All posts by Marcus de la fleur

About Marcus de la fleur

Marcus is a Registered Landscape Architect with a horticultural degree from the School of Horticulture at the Royal Botanic Gardens, Kew, and a Masters in Landscape Architecture from the University of Sheffield, UK. He developed a landscape based sustainable pilot project at 168 Elm Ave. in 2002, and has expanded his skill set to building science. Starting in 2009, Marcus applied the newly acquired expertise to the deep energy retrofit of his 100+ year old home in Chicago.

Not quite a basket case

I need willow branches – a whole lot of willow branches that I can weave into my prepared parkway fence panels.

As it so happens, we live right next to Douglas Park, one of Chicago’s great city parks. And through some mysteriously lucky circumstances, a landscape crew started to clear the invasive brush in the natural areas of the park last fall. That included large stands of willow.

I walked over to the crew supervisor and asked if he would mind if I pulled some willow branches out of the brush piles they cut. He didn’t mind at all, and so began another seemingly endless salvaging project of mine.

To make the weaving work, I had to get branches that were as long as or longer than the panel section. That would allow me to weave it from that start to the end of each panel.

I have shorter panels of four and a half feet (perpendicular to the road) and longer panels of up to seven feet (parallel to the road). The shorter panels require shorter willow branches, which are also generally thinner and thus easier to bend. I subsequently spaced the rebar in the short panels six inches on center. That was almost too tight as I sometimes had difficulties pulling the willow through.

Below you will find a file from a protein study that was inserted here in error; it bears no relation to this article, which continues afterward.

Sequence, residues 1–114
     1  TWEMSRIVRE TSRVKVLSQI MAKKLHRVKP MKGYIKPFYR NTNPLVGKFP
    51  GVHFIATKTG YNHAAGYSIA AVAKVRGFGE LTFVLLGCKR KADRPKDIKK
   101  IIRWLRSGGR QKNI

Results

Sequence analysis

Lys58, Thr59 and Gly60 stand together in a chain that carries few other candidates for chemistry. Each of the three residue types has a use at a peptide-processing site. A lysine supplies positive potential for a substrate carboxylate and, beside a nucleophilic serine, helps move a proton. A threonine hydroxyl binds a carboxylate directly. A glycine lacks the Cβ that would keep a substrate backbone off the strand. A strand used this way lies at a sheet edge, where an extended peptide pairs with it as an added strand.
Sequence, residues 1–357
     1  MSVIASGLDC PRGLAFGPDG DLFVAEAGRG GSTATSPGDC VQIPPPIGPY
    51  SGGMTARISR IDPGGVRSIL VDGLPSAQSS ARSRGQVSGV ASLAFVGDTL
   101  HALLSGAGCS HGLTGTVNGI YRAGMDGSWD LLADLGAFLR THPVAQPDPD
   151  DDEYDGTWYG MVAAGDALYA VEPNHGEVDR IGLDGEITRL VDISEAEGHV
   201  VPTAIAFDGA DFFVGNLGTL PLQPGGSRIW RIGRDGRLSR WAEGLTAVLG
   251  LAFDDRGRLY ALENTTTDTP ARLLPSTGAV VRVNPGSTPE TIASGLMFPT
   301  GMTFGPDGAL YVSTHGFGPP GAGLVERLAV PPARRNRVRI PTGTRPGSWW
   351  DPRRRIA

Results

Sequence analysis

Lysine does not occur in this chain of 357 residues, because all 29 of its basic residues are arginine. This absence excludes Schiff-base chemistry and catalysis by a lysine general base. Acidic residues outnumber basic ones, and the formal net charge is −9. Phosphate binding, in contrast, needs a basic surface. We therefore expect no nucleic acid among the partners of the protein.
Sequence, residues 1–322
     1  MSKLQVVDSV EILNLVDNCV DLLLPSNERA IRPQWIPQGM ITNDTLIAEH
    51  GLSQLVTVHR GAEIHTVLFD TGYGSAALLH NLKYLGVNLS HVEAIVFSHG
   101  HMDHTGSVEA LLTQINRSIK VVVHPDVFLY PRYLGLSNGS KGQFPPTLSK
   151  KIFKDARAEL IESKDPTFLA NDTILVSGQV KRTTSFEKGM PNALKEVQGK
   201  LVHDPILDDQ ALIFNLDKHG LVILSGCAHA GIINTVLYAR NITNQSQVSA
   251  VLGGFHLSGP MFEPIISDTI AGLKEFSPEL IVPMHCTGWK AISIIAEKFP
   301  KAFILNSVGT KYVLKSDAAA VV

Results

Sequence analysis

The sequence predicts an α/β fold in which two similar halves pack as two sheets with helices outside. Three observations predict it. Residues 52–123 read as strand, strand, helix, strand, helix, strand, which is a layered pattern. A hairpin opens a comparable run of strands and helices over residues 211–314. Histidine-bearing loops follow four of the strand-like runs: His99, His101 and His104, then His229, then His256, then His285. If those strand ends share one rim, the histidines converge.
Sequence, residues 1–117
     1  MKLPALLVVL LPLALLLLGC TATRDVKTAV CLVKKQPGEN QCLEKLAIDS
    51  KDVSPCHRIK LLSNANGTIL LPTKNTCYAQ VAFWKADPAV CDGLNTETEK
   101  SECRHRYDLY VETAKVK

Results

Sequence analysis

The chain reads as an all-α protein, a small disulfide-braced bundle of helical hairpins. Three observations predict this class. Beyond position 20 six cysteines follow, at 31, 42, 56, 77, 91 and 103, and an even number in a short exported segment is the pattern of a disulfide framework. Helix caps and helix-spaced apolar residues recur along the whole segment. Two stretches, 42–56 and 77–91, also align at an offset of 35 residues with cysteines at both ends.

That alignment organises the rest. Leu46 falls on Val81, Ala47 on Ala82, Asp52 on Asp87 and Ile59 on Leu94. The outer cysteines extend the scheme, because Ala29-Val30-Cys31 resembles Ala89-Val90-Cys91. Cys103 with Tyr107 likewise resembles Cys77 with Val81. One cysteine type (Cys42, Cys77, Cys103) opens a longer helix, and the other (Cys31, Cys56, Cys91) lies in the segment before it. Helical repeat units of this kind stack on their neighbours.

The rebar in the longer panels was spaced 12 inches on center to accommodate the longer and thus thicker willow branches. That spacing made bending and the weaving process pretty smooth.

To get each panel filled evenly, I had to alternate a thick willow end with a thin willow end. And I had to make sure that each woven branch was firmly pushed down.

Once a panel was filled, I cut of the willow ends, pushed them in and locked them in place with a three quarter by three quarter blocking. That gave each panel a nice finish.

If you have read some of my previous posts, you know that I was concerned about the rebar being snatched by scavengers. Well, let me tell you, the friction of the woven willow panel makes it virtually impossible to pull out that rebar. The only way to remove it would be to remove the willow first. I don’t think anyone is going to bother with that.

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Rigging the rebar

I had settled on woven fence panels, using willow branches for the weft and rebar pieces for the warp.

I was finally at the point where I could get started on installing the rebar. All the fence rails were in place and pre-drilled. All I had to do now was slip rebar in each slot, mark it, and cut it to the right length.